By Charlie Senack
Ottawa Community Housing [OCH] has announced that a new affordable housing complex will be built on Gladstone Avenue near Little Italy. With 273 units as part of the development, a large handful will be dedicated to aging artists.
A groundbreaking for the complex was held at the site on Oct. 6. Among those in attendance were Ottawa Mayor Mark Sutcliffe, Ottawa-Vanier MP Mona Fortier, and a handful of city councillors.
The complex will be part of Mosaïq Phase 2, which includes non-residential spaces dedicated to commercial rentals, community services, and innovative work/live units. Once complete, it will bring the total number of affordable housing units at the site to 413.
Stéphane Giguère, CEO of OCH, said their concept is unique for Canada.
“We go up to four-bedroom apartments so it’s quite significant in Canada,” Giguère said. “In fact, we build up to six bedrooms as we speak right now because the needs are there.”
Ottawa is in the midst of an affordable housing crisis. To deal with the issue, in early September, the city’s planning and housing committee approved a plan to spend $110 million over the next three years to get shovels in the ground. Even then, there are concerns the city needs more than three times that amount.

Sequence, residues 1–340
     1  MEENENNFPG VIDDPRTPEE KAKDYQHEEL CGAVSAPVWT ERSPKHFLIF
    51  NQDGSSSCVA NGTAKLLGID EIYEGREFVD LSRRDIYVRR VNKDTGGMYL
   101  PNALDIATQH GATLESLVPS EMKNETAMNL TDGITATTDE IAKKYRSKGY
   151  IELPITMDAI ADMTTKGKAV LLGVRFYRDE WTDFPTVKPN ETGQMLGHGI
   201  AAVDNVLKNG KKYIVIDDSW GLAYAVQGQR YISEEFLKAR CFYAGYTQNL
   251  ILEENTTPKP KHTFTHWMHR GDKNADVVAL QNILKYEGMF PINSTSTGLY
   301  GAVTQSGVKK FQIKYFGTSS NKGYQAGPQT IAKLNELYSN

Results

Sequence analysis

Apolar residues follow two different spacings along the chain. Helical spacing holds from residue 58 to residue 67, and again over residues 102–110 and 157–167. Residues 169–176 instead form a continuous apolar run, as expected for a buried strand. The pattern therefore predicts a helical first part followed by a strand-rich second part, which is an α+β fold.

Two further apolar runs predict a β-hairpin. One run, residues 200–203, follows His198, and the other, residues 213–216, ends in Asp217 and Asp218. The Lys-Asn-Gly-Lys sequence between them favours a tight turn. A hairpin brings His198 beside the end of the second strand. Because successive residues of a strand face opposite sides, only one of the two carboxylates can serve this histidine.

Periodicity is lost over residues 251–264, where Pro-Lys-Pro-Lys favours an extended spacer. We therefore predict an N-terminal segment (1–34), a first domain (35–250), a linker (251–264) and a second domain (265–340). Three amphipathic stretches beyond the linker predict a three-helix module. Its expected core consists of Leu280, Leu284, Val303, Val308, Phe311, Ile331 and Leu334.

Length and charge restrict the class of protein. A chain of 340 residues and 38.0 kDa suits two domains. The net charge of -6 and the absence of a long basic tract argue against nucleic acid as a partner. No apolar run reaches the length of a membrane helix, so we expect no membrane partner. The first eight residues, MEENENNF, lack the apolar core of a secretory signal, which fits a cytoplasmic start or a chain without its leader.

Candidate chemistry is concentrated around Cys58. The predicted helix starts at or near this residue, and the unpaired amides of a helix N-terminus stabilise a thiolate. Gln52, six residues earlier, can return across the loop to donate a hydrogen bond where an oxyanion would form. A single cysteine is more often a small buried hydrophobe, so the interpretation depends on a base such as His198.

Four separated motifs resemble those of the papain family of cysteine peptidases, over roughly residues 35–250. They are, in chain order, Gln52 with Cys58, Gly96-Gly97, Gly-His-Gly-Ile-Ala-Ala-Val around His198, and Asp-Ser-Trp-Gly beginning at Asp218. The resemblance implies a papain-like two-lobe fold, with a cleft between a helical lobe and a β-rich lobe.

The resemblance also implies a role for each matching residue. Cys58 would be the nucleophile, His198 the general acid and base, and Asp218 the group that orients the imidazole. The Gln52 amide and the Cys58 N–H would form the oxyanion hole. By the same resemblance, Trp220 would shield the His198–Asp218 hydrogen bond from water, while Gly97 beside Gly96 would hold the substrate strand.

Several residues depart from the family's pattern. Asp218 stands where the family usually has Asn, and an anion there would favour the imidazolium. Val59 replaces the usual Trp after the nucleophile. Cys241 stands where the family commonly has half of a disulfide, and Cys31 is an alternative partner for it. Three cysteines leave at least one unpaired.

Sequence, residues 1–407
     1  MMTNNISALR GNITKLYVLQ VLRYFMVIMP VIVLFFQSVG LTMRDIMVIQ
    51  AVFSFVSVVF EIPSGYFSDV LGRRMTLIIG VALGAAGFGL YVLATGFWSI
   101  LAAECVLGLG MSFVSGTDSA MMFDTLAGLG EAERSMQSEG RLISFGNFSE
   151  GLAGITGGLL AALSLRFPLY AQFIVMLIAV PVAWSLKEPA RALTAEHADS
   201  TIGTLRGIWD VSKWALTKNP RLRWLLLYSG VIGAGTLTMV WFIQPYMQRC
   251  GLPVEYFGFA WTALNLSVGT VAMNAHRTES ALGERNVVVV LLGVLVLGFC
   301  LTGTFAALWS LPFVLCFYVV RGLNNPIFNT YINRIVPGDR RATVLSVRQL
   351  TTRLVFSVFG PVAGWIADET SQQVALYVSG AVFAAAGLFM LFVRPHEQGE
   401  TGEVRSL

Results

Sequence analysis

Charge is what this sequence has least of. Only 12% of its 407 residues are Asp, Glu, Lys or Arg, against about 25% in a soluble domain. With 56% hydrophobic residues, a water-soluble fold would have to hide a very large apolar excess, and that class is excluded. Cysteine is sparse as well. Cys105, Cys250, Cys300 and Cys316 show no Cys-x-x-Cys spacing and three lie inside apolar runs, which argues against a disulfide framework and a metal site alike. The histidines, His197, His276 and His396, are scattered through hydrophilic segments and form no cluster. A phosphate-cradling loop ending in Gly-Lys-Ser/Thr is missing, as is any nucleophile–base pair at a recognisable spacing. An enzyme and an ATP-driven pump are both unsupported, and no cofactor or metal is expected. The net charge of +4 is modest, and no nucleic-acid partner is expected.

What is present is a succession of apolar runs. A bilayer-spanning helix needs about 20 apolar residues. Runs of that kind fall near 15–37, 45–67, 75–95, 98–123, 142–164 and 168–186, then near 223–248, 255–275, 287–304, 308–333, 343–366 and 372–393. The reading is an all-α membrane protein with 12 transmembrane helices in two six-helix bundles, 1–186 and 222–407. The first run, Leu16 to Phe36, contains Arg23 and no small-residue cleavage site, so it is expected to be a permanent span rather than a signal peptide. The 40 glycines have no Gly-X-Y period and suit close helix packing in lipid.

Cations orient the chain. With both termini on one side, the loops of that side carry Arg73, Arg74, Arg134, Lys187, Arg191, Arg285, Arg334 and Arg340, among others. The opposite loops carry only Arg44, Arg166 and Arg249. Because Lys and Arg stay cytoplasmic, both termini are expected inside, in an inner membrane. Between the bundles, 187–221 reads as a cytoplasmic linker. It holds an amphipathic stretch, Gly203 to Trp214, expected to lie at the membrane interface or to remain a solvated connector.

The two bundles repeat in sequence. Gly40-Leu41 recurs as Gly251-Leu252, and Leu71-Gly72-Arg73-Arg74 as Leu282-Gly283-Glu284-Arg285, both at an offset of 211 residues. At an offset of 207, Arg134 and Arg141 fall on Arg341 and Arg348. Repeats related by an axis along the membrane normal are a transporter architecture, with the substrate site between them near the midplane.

Zoning bylaws might soon be amended to allow for taller and denser housing, and the city is also looking at allowing four units on one lot instead of three. Some suburban councilors are worried, however, that it might not work in their neighborhoods.
Mayor Sutcliffe said Ottawa currently has 558 affordable housing units under construction. With the recent announcement, that number is up to 831 units. OCH has plans to build and design 912 new homes, with further details being announced soon.
“Just this year in Ottawa for the first time ever, we have more supportive housing units than shelter beds in our city. That’s a really important milestone for Ottawa,” he said. “My focus from day one as mayor has been getting shovels in the ground and building affordable housing for Ottawa residents as quickly as possible.”
For low-income renters, the housing crisis has hit particularly hard. A recent poll by Abacus Data suggests that 73 per cent of low-income renters in the country said the increasing cost of rent is a “very serious problem.” Sixty-nine per cent of them said the problem had gotten worse in recent months.
The new Gladstone-area Rochester Heights development is partnering with Pal Ottawa, an affordable housing initiative which primarily works with artists over the age of 65.
Liah Cogah, chair of the board of directors for the non-profit, said the new building will include 86 units for their members, alongside a community art space.
“It’s a fantastic location when it comes to arts history. The Corso Italia district is known for its vibrant art scene,” she said. “We really hope that our artists feel a sense of belonging, that they are wanted here, that they are valued here, that they are seen and that they can continue to contribute to the neighbourhood they have been leading for decades.”